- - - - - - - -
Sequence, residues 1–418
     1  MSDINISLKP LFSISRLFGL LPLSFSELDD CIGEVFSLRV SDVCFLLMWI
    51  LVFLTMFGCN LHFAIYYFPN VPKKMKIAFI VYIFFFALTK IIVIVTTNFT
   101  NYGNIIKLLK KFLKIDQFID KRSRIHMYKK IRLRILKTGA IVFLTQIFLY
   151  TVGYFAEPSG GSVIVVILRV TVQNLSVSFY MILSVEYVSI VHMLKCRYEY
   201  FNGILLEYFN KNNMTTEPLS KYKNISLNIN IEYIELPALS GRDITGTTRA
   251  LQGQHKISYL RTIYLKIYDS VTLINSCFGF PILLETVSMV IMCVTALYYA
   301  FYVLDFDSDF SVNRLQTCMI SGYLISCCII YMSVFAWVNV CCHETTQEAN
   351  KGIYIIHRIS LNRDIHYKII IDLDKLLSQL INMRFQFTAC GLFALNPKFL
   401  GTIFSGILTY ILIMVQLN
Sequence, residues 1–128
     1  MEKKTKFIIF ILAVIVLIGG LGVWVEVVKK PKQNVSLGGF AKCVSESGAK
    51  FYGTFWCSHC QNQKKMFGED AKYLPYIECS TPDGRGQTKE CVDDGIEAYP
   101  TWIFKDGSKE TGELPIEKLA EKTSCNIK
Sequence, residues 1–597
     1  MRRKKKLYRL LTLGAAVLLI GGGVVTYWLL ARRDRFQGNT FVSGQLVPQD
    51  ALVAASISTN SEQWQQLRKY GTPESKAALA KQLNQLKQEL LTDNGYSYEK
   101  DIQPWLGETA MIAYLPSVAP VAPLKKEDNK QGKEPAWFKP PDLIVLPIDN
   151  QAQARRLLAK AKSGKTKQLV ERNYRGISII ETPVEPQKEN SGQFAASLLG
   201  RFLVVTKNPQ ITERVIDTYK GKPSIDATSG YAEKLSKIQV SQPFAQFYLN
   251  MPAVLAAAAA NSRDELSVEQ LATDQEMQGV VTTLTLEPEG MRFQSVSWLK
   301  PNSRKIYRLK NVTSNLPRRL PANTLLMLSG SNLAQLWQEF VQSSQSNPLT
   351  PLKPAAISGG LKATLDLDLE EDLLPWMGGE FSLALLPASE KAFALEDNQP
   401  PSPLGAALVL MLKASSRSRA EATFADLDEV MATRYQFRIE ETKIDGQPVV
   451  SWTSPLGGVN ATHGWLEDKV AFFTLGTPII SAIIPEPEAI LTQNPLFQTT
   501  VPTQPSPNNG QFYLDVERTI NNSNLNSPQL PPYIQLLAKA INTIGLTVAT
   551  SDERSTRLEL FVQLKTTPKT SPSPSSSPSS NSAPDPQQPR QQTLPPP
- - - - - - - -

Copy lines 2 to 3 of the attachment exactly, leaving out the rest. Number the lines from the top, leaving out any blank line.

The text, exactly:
     1  MSDINISLKP LFSISRLFGL LPLSFSELDD CIGEVFSLRV SDVCFLLMWI
    51  LVFLTMFGCN LHFAIYYFPN VPKKMKIAFI VYIFFFALTK IIVIVTTNFT